Additional funding needed to tackle dereliction, says Sinn Féín housing spokesperson

Eoin Ó Broin was speaking during a visit to Cork this week where he engaged with various groups and individuals on the housing market and housing system in Cork.
Additional funding needed to tackle dereliction, says Sinn Féín housing spokesperson

Sinn Féin’s spokesperson on housing, Eoin Ó Broin T.D. at Cork Penny Dinners with Thomas Gould.T.D. Picture Dan Linehan

SINN FÉIN'S housing spokesperson Eoin Ó Broin has said the local authorities in Cork and across the country need to be provided with additional funding from central government to effectively tackle the scourge of dereliction.

The Dublin Mid-West TD was speaking during a visit to Cork this week to engage with various groups and individuals to discuss the housing market and housing system in Cork.

Mr Ó Broin spoke of the need to reform the compulsory purchase order (CPO) process and for local authorities to be provided with increased funding to make more headway in cracking down on dereliction.

"The CPO legislation is just too slow.

"If you talk to local authority managers, they’ll tell you it can take two, three or four years to get a successful CPO across the line.

"There’s been a longstanding call for the Law Reform Commission to reform the CPO process to make it much more speedy.

"That's the first thing," he said, speaking to The Echo.

"The second thing is that the local authorities can only buy what they’re given money for.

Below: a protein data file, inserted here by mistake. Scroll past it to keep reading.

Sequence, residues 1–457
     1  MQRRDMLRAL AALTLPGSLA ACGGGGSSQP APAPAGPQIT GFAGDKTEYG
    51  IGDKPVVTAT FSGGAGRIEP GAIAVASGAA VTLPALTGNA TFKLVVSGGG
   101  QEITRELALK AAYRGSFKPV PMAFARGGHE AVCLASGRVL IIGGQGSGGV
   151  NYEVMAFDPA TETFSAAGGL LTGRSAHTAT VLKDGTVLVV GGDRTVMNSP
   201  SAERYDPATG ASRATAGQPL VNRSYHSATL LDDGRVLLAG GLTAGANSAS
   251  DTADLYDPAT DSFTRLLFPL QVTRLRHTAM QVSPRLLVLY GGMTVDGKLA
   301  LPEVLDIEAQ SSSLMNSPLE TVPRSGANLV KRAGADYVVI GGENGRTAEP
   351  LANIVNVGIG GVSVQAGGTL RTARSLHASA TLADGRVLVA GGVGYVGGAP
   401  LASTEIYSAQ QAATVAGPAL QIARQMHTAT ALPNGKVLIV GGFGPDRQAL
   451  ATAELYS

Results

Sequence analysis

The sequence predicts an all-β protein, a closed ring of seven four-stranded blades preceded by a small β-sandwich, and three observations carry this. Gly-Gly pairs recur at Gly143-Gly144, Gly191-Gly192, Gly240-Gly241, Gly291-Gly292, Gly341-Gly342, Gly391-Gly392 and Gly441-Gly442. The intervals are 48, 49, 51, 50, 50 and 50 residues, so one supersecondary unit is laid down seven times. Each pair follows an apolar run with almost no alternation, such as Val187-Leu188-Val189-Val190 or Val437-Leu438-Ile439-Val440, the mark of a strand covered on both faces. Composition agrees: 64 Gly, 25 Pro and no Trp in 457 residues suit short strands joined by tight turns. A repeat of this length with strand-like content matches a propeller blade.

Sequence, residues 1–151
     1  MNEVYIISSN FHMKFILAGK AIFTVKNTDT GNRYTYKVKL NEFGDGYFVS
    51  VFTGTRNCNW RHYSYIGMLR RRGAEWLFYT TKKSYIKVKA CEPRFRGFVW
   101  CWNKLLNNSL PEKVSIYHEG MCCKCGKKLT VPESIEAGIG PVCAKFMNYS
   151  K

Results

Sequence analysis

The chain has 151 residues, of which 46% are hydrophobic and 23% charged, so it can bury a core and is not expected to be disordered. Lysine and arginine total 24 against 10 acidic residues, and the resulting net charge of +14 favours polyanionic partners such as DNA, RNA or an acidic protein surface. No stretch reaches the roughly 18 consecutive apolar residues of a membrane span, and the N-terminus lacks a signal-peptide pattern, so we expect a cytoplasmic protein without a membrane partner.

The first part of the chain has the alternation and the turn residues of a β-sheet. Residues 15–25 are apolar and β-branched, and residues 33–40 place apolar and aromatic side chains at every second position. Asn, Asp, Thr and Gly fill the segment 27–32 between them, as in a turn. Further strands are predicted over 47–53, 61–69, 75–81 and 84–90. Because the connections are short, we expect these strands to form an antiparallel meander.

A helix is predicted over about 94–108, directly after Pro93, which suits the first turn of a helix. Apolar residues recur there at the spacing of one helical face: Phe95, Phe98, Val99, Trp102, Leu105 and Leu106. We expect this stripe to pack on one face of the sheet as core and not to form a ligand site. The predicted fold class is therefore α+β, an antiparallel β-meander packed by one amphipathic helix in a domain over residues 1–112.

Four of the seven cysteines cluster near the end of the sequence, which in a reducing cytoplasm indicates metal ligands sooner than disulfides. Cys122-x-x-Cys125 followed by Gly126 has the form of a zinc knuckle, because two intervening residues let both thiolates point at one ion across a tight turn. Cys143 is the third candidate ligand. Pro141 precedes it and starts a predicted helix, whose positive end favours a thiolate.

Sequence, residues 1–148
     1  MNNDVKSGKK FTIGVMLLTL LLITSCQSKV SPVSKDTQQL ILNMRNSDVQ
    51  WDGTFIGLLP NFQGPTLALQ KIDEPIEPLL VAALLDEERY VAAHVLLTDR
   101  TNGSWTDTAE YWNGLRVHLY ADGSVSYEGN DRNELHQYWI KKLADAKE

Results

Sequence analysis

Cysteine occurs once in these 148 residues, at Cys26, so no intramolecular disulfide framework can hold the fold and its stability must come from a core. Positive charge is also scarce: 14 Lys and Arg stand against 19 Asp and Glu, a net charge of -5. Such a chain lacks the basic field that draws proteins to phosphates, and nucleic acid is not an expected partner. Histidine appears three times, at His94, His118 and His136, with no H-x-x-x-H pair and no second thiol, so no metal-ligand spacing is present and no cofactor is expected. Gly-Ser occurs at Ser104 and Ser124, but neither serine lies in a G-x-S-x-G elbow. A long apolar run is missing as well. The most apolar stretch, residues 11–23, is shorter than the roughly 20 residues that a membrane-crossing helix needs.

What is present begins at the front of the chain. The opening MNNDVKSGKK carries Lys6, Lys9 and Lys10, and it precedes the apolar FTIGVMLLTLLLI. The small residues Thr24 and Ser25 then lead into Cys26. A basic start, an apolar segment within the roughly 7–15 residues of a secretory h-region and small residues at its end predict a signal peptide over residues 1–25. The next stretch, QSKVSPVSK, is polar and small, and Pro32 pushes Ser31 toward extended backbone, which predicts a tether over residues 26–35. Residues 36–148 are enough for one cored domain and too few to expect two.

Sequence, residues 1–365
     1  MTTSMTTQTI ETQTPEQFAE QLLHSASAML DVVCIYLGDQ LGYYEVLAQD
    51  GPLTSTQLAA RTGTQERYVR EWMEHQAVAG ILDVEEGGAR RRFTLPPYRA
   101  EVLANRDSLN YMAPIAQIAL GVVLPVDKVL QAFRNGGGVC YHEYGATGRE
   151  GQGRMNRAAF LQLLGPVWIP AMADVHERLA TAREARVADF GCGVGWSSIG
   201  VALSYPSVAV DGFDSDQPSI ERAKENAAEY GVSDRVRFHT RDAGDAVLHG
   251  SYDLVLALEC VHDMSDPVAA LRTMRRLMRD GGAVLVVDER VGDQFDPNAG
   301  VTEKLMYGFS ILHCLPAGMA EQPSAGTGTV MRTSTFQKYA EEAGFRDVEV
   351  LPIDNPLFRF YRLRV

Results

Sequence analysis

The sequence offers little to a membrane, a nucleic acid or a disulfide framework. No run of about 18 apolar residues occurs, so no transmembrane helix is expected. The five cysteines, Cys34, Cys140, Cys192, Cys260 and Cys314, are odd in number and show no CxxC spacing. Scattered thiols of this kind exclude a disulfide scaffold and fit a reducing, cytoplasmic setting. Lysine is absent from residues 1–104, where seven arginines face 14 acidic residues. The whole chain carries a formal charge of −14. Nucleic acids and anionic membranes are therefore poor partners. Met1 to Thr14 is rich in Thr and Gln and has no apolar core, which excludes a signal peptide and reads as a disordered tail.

"They have not been given enough money both by this government and the previous government whether to build or to buy homes both for social and affordable housing use. 

"So, government centrally need to do much more in terms of law reform but also in terms of providing additional funds.

"In some of the meetings I’ve been doing with directors of housing in cities that have a serious dereliction problem, they’re saying that they need additional funds to be able to acquire those sites. 

"In general, they’re only given funding for building or buying new homes but they also need the money to acquire the sites to be able to develop in the first place. 

"So much more can be done by central government and I think if central government does that I think you’ll see the local authorities, particularly in places like Cork, respond positively."

Speaking with regard to build-to-rent, Mr Ó Broin said reforms are also needed for these schemes. 

"The design standards for build-to-rent apartments are inferior to build to sell apartments.

"In a build-to-rent development, the apartments are smaller, they have less natural light, they have less storage, you can have far more studio apartments which are only about 34sqm than you can have proper one beds and two beds.

"If Sinn Féin were in government, the first thing we would do with respect to build-to-rent is we would remove the two-tier design standard so anything that is being built, whether you’re renting or buying it, it’s the same quality."

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